So it looks like one of the world’s most significant political and trade borders is going to be drawn across the leafy lanes and modern motorways that join the two parts of Ireland. At present you are able to move back and forth without noticing apart from being careful about speed limits, and having some “foreign money” in your pocket. (And no you can’t drive at 120 mph on our motorways! And ok they will not take your Sterling coins at the M1 toll-booth but try getting them to take Northern Ireland notes in a Turkish fruit shop in North London! I have – they don’t!)

But if the big powers have their way, instead of seamless transit we’re going to be looking at signs saying you are entering/leaving the European Union/United Kingdom. And no one yet knows what barriers, borders and checks will accompany those signs. 

It is a situation most people on the island did not wish for. A majority in Northern Ireland voted against it and probably a much larger majority in the Republic of Ireland would have voted against it had they been given a chance. But larger institutions make the decisions and once again Ireland is an “anomaly,” a little problem on the edge of Europe, a difficulty those institutions probably don’t want reminding of as they face “bigger” challenges.  

In business these days, which side of the border your suppliers are on matters not at all; “can they do the job well for a good price,” is what you ask. And in working with church bodies and voluntary organisations I find the current border is about as significant as it is on the roads. It matters less and less. And that’s not just my experience. There is a wealth of other spheres where increasing all-island collaboration is the norm.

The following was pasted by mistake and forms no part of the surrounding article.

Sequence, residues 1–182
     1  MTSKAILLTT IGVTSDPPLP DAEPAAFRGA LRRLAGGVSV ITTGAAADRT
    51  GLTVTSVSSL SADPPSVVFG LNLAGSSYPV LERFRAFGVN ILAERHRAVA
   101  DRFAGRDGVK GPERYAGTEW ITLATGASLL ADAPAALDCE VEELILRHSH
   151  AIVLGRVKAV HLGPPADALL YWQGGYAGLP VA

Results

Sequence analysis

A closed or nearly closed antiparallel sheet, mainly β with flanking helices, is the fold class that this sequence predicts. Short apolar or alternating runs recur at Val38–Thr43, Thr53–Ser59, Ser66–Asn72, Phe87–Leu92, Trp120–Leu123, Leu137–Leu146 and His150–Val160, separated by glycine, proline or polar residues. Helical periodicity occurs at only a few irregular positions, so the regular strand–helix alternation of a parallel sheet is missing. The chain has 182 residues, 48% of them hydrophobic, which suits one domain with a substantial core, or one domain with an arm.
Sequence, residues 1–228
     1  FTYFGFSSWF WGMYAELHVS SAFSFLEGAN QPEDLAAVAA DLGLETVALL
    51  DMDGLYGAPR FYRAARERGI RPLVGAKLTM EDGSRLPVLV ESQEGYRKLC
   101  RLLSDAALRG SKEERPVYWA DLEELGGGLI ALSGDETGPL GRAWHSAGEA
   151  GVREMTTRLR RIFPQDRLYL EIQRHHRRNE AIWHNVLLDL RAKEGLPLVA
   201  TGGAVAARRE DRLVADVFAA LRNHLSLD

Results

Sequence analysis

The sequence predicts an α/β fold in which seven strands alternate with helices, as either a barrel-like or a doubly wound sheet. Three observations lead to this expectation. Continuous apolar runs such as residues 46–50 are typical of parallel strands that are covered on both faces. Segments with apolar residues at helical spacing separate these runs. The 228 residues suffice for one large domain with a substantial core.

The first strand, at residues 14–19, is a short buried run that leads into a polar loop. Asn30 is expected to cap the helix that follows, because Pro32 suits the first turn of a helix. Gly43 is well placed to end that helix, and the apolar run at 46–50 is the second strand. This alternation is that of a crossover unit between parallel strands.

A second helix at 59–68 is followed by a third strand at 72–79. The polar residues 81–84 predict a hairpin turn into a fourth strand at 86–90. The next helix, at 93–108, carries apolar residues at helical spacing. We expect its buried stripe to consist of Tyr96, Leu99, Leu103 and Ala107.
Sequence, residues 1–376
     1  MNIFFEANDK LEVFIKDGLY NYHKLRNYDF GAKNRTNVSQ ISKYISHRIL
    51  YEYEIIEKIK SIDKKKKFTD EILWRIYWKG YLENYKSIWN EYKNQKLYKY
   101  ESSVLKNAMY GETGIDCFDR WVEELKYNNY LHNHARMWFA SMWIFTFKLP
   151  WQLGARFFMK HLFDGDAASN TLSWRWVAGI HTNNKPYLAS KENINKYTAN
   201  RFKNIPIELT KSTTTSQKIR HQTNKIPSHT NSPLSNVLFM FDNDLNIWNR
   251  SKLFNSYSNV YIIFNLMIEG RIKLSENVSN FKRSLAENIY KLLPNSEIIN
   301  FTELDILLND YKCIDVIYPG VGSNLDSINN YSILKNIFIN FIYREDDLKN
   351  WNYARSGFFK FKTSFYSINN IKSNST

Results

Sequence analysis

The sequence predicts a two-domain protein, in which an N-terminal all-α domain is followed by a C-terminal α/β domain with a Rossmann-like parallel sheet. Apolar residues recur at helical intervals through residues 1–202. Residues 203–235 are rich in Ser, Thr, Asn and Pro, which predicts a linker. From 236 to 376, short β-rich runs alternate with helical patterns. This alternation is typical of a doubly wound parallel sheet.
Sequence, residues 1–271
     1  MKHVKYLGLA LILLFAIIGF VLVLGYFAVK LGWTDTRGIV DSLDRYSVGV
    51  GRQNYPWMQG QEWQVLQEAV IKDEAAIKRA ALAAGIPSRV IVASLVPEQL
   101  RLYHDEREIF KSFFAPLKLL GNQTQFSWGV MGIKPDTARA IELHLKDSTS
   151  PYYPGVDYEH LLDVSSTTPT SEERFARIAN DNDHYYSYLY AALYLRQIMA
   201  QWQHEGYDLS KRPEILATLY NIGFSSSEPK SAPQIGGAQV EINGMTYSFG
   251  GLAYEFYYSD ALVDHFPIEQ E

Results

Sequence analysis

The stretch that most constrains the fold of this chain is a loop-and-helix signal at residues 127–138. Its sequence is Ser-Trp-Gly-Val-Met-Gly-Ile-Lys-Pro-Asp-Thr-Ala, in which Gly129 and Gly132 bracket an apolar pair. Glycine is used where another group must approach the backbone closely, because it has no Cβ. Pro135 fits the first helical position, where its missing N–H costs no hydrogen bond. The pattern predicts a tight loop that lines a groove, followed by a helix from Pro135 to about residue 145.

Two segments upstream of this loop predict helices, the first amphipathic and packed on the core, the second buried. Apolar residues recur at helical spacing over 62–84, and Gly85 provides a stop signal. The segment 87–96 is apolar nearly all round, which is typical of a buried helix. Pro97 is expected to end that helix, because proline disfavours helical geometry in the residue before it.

These relationships are a powerful reminder that there are other realities than political ones. Businesses, sporting organisations, church bodies, trade unions, musicians, artists, community activists, tourism promoters have long downplayed or even ignored the political structures and got on with the important activities of doing business, playing games, worshipping, singing songs, telling stories, collaborating and journeying together. And this is a road we need to continue on.

I have long been amazed at how little attention Jesus paid to the political realities of his day. They were everywhere but he never spoke to them unless they spoke to him first. Even when his own life was at stake he refused to engage them. He had higher business to attend to. Whether people are Jesus followers or not there is something enormously attractive about that way of living.

Instead of fighting powers that appear stronger than you, you ignore them – you live as though they are unimportant compared to the greater realities that you recognise and serve. His example, not to mention his message, tells us we don’t have to wait for political permission to forge stronger links – to trade and play and sing and worship together, to do all the other things that make sense for people sharing this small piece of land on the edge of the Atlantic. 

Whether it takes two years or ten to draw that line, our job is to collaborate so much that neither London nor Brussels will know how to separate us. Let’s go for such strong, deep, colourful, tuneful, wise collaborations that separating us with a global border becomes an anomaly that sends both sides back to the drawing board – preferably for a very long time. 

 Sean Mullan runs the Third Space not-for-profit coffee shops in Dublin

 Please note that the statements and views expressed in this article are those of the author and do not necessarily represent those of Contemporary Christianity.

Tomorrow: Åsa McDowell shares her perspective as a European living in Northern Ireland.